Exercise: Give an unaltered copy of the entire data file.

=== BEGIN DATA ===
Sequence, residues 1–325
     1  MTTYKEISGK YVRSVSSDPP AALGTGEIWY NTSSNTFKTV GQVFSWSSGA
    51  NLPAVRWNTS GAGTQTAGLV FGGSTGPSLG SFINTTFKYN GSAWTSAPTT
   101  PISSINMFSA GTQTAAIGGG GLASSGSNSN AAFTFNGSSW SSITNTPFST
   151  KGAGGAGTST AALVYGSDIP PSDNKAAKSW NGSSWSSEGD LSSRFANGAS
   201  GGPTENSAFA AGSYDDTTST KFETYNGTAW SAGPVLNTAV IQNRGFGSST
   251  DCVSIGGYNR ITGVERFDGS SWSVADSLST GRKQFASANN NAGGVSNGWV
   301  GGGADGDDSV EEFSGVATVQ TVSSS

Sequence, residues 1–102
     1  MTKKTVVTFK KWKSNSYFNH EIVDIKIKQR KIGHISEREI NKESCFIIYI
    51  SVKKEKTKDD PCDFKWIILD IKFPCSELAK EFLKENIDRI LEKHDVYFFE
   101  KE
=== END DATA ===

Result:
Sequence, residues 1–325
     1  MTTYKEISGK YVRSVSSDPP AALGTGEIWY NTSSNTFKTV GQVFSWSSGA
    51  NLPAVRWNTS GAGTQTAGLV FGGSTGPSLG SFINTTFKYN GSAWTSAPTT
   101  PISSINMFSA GTQTAAIGGG GLASSGSNSN AAFTFNGSSW SSITNTPFST
   151  KGAGGAGTST AALVYGSDIP PSDNKAAKSW NGSSWSSEGD LSSRFANGAS
   201  GGPTENSAFA AGSYDDTTST KFETYNGTAW SAGPVLNTAV IQNRGFGSST
   251  DCVSIGGYNR ITGVERFDGS SWSVADSLST GRKQFASANN NAGGVSNGWV
   301  GGGADGDDSV EEFSGVATVQ TVSSS

Sequence, residues 1–102
     1  MTKKTVVTFK KWKSNSYFNH EIVDIKIKQR KIGHISEREI NKESCFIIYI
    51  SVKKEKTKDD PCDFKWIILD IKFPCSELAK EFLKENIDRI LEKHDVYFFE
   101  KE